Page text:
Cosmetic Procedures for Skin Hyperpigmentation
Because of sun exposure, almost everyone will get small dark spots on their skin as they age. But some people develop large areas of discoloration that may cover the forehead or cheeks.
These dark patches are called skin hyperpigmentation, and they occur when melanin, the pigment in your skin, forms deposits. Skin hyperpigmentation can happen to anyone, regardless of skin color, and appear anywhere on the body.
The good news is that skin hyperpigmentation isnâ€™t dangerous and hyperpigmentation treatment can help rejuvenate skin. There are many cosmetic procedures at your dermatologistâ€™s disposal, including a hyperpigmentation laser.
Whatâ€™s Behind Skin Hyperpigmentation?
Factors from the sun to hormonal changes can cause skin hyperpigmentation, says Cameron K. Rokhsar, MD, a laser surgeon at New York Aesthetic Consultants and assistant clinical professor of dermatology at Albert Einstein College of Medicine, both in New York City. These include:
- Genetics. Some people are born with more freckles than others. The same goes for larger areas of darker skin from hyperpigmentation. A skin condition called melasma, which causes brown or gray-brown skin patches on the cheeks, nose, forehead, chin, and upper lip, often runs in families and usually affects women. Itâ€™s also more common among people who have darker skin, such as those with an Asian, Indian, Latin, Middle Eastern, or Mediterranean background. Their skin often has more melanocytes, the skin cells that produce pigment.
- Sun damage. Ultraviolet rays from the sun will cause your skin to produce more melanocytes, which leads to the dark spots commonly called age spots or liver spots. Prescription drugs that make your skin more sensitive to the sun can also be behind skin hyperpigmentation.
- Hormonal changes in women. Hormone changes can also stimulate more skin pigment to be produced. Hyperpigmentation during pregnancy is referred to as the â€œmask of pregnancyâ€ because it causes darker patches on the face and other areas. Birth control pills and hormone replacement therapy can also cause these skin changes, Dr. Rokhsar says.
- Skin irritation. People who have darker skin may get some hyperpigmentation after acne or psoriasis, Rokhsar says. And for some, using skin care products that irritate the skin will cause the skin to produce more pigment and cause dark patches. Even rubbing and itching an area of the skin can make it darker, he adds.
Skin Hyperpigmentation Treatment Options
If hyperpigmentation is a result of hormonal changes, your skin may go back to normal at the end of your pregnancy or when you stop taking birth control pills or hormone replacement therapy. In other cases, there are cosmetic procedures an experienced dermatologist can suggest, from skin creams to a hyperpigmentation laser.
- Bleaching creams. Bleaching agents that contain hydroquinone can help even out skin tone, Rokhsar says, though these creams can take up to three months to be effective. Although you can find this hyperpigmentation treatment over the counter, as well as by prescription, using it incorrectly can result in some serious side effects, such as an uneven skin tone thatâ€™s hard to reverse. Thatâ€™s why you should always seek treatment through a doctor, Rokhsar says. Overusing bleaching creams can even make skin look black and blue, he adds. Your dermatologist may suggest a combination treatment, alternating between a high- strength hydroquinone cream and a product with tretinoin, corticosteroids, or glycolic acids. Newer topicals that contain Finacea (azelaic acid) or kojic acid may also be used to help fade some dark spots.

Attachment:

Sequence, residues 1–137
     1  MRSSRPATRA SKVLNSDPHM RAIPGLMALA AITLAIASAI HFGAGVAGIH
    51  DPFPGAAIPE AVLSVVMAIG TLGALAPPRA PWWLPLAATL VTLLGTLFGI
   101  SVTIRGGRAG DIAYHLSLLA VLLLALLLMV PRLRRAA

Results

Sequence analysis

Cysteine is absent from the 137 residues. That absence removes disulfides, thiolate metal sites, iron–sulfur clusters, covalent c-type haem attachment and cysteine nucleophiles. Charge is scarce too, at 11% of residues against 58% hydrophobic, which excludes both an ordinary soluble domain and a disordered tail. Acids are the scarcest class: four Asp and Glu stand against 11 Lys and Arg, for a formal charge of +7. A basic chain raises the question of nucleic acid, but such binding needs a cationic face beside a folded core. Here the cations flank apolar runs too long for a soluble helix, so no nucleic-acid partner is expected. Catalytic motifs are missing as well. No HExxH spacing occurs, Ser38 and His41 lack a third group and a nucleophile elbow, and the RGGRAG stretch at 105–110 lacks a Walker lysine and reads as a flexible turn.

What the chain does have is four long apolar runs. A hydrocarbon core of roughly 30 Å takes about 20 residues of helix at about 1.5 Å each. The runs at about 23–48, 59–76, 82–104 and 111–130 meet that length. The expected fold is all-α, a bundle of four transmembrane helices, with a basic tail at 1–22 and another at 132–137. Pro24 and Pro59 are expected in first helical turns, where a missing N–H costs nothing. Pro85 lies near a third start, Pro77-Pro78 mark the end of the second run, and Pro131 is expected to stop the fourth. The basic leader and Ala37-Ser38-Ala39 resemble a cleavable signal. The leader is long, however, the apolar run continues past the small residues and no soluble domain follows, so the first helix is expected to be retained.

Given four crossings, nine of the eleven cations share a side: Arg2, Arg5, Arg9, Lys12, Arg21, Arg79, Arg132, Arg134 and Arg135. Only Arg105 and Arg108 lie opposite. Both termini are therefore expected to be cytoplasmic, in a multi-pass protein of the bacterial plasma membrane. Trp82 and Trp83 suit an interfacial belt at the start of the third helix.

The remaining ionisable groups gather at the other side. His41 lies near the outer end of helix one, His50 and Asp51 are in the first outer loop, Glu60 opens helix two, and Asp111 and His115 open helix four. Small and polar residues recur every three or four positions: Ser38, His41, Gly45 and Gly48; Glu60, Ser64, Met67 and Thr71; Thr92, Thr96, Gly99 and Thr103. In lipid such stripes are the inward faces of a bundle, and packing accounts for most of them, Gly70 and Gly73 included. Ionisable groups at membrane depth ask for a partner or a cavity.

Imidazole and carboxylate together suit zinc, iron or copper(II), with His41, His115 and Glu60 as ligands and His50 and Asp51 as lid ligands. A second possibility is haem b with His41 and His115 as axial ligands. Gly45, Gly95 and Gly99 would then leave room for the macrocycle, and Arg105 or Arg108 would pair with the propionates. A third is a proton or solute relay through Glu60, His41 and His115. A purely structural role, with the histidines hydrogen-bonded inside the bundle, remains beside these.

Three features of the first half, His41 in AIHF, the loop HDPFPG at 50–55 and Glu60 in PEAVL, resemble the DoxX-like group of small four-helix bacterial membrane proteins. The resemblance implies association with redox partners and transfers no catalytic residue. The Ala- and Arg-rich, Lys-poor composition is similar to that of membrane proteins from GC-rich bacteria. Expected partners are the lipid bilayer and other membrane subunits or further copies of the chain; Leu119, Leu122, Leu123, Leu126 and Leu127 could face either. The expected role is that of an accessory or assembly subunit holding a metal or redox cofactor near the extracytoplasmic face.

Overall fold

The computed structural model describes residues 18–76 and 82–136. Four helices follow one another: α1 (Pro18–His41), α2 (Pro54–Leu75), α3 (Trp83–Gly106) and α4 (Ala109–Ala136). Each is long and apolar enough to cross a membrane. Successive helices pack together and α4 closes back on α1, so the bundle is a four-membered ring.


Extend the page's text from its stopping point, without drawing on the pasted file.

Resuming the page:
- Skin peels. A chemical peel or microdermabrasion performed by a dermatologist or plastic surgeon are more aggressive options that can help even out skin tone.
- Hyperpigmentation laser. Your doctor may suggest a laser to make your skin tone more even, Rokhsar says. As with bleaching creams and peels, itâ€™s important to go to a skilled doctor for treatment. Someone who is not properly trained can damage your skin with a laser.
5 Common Hygiene Myths You Shouldnâ€™t Believe
Do you need to shower every day? Wash your hands with scalding-hot water? Here's the dirt, according to health experts.
Which Collagen Sources Should You Try?
From powders and gummies to foods and topicals, hereâ€™s a list of collagen sources ranked from best to worst.
Potentially Toxic Chemicals Called PFAS Are Common in Cosmetics, Study Finds
Lab tests suggest that more than half of cosmetics sold in the United States and Canada may contain high levels of the chemical. U.S. legislators recently...
6 Places You're Missing When You Apply Sunscreen
No matter how thorough your SPF routine, these are the spots experts say are often overlooked.
Ask a Castle Connolly Top Doctor: How Aging and Gravity Affect Your Skin
A renowned plastic surgeon, recognized as a Castle Connolly Top Doctor, discusses the factors that affect our skinâ€™s appearance, and how patients can ...
California Bans 24 Toxic Chemicals From Personal-Care Products: What to Know
A bellwether state for federal efforts, California just became the first in the nation to ban certain chemicals from cosmetics and personal-care ingredients...
What Are the Benefits of Fish Oil for Your Hair?
Eating more whole fish with omega-3 fatty acids may help strengthen your tresses, but thereâ€™s limited evidence that fish oil pills will do the same.